National News

New OS from both Apple and Google will encrypt

Marketplace - American Public Media - Mon, 2014-09-22 02:00

If you have a password on your smartphone, the new Apple and Android operating systems will encrypt your data so nobody can read it—Not Apple, not Google and not law enforcement.

Adi Kamdar, a policy analyst for the Electronic Frontier Foundation, said this move shows companies are realizing their users care about privacy.

“It is significant because privacy is becoming more of a competitive tool,” he says.  

Kamdar says the encryption only applies to the data you keep on your phone. It doesn’t apply to data gathered by apps or that’s stored in the cloud.

Despite these work arounds, law enforcement officials are upset. Ron Hosko, a former assistant director of the FBI’s criminal investigative division, says in light of the Snowden revelations, he understands the need to protect privacy. But, he says, Google and Apple have gone too far.

“Two big tech providers are essentially creating sanctuary for people who are going to do harm,” says Hosko.

Hosko said lawmakers need to step-up and make laws that balance privacy and safety.

Many young people are not in a position to splurge

Marketplace - American Public Media - Mon, 2014-09-22 02:00

The recession deprived many young people of a launching pad into career jobs and financial adulthood. And that means they also aren’t launching into some of the major investments that have traditionally been part of the American Dream; such as purchasing a first car or a first home, or starting a first retirement account.

“Because the economy has hurt them so badly, they’ve had a delayed adulthood,” says Dan Schawbel, founder of Millennial Branding in New York, which conducts market research on the workplace and consumer expectations of this age cohort. “They don’t reach a salary of $42,000 until the age of thirty at this point; there’s $1.2 trillion in student loan debt; fifty percent of them are unemployed, underemployed or have given up on their job search completely; 21 million are living with their parents.

“They’re in debt,” says Schawbel, who has just published a book on Millennials' job prospects, titled "Promote Yourself: The New Rules of Career Success." “They’re getting married later, getting cars later. In order to make ends meet now, they have to have as few expenses as possible.”

If these consumers delay big-ticket purchases for years to come, or never make them in numbers comparable to the Boomers and Gen Xers before them, it could have a profound effect on the economy in the future.

Still, brands still have to at least try to interest young consumers in purchases such as new cars, starter homes and condos, or major household appliances. Kit Yarrow, a consumer psychologist at Golden Gate University and author of the book "Gen BuY: How Tweens, Teens, and Twenty-Somethings Are Revolutionizing Retail" has some advice for marketers.

“What people have is a showcase of who they are,” Yarrow says. Millennials express their identity through their clothes, their appearance, the objects they have around them.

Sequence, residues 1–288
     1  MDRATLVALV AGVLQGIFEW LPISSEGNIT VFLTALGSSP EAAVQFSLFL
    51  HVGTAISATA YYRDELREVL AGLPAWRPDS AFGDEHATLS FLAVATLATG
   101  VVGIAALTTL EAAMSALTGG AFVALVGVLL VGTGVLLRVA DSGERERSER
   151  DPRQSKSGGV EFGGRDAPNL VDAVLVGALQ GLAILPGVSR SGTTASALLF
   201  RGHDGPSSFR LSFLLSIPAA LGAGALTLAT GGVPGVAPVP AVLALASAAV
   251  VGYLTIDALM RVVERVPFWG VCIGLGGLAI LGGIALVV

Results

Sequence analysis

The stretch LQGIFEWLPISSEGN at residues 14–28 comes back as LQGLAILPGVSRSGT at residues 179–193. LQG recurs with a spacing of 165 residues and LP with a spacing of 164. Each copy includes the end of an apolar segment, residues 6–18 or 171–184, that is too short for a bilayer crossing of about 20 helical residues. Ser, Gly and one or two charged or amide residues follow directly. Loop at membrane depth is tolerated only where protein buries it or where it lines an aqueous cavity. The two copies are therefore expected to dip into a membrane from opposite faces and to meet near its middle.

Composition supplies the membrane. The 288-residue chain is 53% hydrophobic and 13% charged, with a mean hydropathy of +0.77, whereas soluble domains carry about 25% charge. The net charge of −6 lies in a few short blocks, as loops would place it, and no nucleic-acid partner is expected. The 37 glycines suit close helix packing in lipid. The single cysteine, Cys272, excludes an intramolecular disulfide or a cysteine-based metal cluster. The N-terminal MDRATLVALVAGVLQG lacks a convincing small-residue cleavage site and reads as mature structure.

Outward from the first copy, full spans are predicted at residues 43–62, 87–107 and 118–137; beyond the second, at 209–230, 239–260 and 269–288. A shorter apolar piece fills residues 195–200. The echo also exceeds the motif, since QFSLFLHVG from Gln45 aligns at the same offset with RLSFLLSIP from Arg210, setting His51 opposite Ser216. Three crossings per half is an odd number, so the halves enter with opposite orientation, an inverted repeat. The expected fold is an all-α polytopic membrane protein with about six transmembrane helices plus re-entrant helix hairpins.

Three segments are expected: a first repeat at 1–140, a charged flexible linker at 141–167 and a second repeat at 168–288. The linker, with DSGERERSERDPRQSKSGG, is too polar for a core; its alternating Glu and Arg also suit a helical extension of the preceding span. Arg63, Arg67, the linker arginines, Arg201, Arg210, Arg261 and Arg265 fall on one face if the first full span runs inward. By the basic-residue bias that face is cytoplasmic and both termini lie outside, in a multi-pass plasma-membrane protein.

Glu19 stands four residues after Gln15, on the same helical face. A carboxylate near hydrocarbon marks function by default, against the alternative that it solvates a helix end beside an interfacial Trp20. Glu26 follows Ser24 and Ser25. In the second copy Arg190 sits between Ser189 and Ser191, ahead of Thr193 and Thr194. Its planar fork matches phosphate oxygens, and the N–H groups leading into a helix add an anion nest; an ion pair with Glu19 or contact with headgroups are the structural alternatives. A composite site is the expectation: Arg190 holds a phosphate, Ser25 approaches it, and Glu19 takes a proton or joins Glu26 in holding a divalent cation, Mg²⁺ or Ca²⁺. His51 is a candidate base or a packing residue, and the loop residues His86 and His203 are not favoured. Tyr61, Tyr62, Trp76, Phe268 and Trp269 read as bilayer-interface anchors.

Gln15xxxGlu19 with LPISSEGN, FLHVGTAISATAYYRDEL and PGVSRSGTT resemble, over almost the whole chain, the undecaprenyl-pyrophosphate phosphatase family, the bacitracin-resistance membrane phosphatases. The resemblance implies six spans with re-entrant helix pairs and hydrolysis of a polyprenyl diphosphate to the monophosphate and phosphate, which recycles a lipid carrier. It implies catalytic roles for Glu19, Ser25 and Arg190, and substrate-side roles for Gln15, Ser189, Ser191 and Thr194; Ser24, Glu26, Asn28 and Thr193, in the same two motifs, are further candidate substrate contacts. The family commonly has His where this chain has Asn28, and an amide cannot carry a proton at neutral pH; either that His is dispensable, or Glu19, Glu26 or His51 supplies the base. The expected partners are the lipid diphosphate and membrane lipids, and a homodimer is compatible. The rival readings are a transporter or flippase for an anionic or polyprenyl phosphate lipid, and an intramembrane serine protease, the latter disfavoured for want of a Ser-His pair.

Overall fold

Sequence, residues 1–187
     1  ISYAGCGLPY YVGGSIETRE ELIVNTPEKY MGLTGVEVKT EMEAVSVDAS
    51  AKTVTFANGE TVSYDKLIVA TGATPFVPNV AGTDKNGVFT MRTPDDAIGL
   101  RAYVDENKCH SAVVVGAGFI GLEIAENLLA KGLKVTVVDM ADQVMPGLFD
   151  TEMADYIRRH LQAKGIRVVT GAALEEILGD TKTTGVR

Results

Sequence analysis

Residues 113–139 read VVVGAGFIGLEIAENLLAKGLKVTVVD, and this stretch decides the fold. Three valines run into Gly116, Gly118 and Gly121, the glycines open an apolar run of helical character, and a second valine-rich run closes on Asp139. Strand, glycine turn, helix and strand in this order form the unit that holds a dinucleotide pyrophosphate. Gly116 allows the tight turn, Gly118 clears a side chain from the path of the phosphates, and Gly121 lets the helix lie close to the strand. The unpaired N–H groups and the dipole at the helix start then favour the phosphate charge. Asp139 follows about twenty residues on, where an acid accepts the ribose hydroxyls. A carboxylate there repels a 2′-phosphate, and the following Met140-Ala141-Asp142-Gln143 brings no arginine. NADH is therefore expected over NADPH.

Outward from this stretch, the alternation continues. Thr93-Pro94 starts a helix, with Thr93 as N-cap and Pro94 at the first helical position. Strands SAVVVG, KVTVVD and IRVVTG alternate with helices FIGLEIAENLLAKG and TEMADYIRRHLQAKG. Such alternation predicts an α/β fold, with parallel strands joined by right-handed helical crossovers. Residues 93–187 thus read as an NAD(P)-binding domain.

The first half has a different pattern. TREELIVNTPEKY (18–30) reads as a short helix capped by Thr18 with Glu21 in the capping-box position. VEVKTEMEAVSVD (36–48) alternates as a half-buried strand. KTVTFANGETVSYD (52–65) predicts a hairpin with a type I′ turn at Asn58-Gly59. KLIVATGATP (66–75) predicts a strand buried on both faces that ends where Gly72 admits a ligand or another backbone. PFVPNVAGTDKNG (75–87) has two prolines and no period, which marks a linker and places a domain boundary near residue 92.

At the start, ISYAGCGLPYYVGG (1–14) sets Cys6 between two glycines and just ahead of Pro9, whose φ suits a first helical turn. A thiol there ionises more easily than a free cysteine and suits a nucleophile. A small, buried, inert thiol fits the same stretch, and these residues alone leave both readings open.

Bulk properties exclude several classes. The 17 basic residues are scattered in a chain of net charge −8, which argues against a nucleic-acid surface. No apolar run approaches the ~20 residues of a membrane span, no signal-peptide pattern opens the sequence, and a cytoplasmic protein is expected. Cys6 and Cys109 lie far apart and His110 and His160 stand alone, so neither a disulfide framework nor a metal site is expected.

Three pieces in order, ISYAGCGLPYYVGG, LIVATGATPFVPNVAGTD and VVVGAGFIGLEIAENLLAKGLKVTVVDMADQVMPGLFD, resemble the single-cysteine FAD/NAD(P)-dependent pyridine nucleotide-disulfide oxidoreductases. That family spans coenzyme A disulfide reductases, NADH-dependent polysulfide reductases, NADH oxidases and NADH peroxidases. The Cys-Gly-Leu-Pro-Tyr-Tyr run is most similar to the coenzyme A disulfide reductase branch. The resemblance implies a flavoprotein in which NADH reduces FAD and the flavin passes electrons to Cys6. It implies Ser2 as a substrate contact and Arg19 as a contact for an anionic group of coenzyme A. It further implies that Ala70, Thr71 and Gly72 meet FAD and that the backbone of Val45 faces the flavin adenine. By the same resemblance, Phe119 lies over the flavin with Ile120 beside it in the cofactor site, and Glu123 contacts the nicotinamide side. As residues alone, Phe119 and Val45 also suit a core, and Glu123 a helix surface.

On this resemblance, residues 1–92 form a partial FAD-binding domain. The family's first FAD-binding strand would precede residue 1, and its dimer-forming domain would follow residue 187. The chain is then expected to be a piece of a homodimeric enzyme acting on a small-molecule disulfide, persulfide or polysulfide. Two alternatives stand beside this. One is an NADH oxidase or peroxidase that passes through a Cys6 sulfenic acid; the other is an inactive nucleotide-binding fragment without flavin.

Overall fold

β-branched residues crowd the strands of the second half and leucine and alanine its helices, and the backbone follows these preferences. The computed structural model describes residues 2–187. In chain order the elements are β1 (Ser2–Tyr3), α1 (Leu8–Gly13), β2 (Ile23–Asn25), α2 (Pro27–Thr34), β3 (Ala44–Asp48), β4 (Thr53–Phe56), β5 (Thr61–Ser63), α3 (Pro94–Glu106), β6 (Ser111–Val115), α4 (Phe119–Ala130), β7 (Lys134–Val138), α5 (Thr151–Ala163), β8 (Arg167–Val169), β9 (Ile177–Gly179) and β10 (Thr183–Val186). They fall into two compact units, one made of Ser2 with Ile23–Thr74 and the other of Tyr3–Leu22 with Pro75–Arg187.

She says new homes are a tough sell—especially in the high-priced hip cities where young people like to live. But furniture shouldn’t be.

“Ikea is perfect for this generation,” she says, “because it has an extremely low price point, it’s really customizable, it’s what you put in it, what you paint on it, how you make it yours.”

Yarrow thinks cars that will be more attractive to young people if the marketing focus is on environmental values and green fuels. “Because it’s not just transportation,” says Yarrow, “it’s also a way of saying who you are to other people.”

Dan Schawbel says the experience of learning about a brand—whether from the brand itself, or from friends and through social media, is crucial for this generation.

“They want interactive experiences,” says Schawbel. "So before you show them the product, before you connect with them, put stuff online that shows this is what you’re getting, here’s the experience, here’s why it could be valuable.”

But he also offers this caveat: “Even if you have a great experience, make the product look really good, you can tweet from the dashboard, all of that—it comes down to how much can Millennials even afford.”

At the moment, that’s not very much.

March in New York calls for action on climate change

Marketplace - American Public Media - Mon, 2014-09-22 02:00

Has the time for action on climate change finally come? That’s what protesters around the globe are hoping. Over 310,000 people took to the streets in New York City on Sunday, according to the march’s organizers. They’re calling it the largest climate march ever.   There were life-long activists and people who had never joined a protest before. Their list of concerns was long and varied, but the targets were mostly clear: the politicians and companies who marchers want to press to take action on global warming ahead of a climate change summit at the United Nations on Tuesday.   “Corporations generally don’t care about the environment,” said Benjamin Breitkreuz, a retired clergyman. “Theirs is a profit motive.” He came from New Jersey, carrying a sign that read “corporations are killing our planet.”   Over 1,500 organizations partnered in the march, including labor unions that pledged to use their organizing power to push for environmental causes.   “We need to send a clear message to the governments and the corporations that the people of the world aren’t going to stand for this,” said New York train operator and union member Josh Fraidstern. “We’re not going to let them poison us; we’re not going to let them destroy our future.”   But many people simply came on their own or with their families, hoping their numbers would raise awareness.   “Really, America needs to lead,” said Lu Petrie, who came up from Virginia for the march with her husband and son. “It’s so embarrassing that America isn’t leading on this issue.”   She said she hoped the high turnout would help raise awareness. She’ll also be looking to the UN this week to see whether world leaders have recognized that climate change is an issue people are willing to fight for.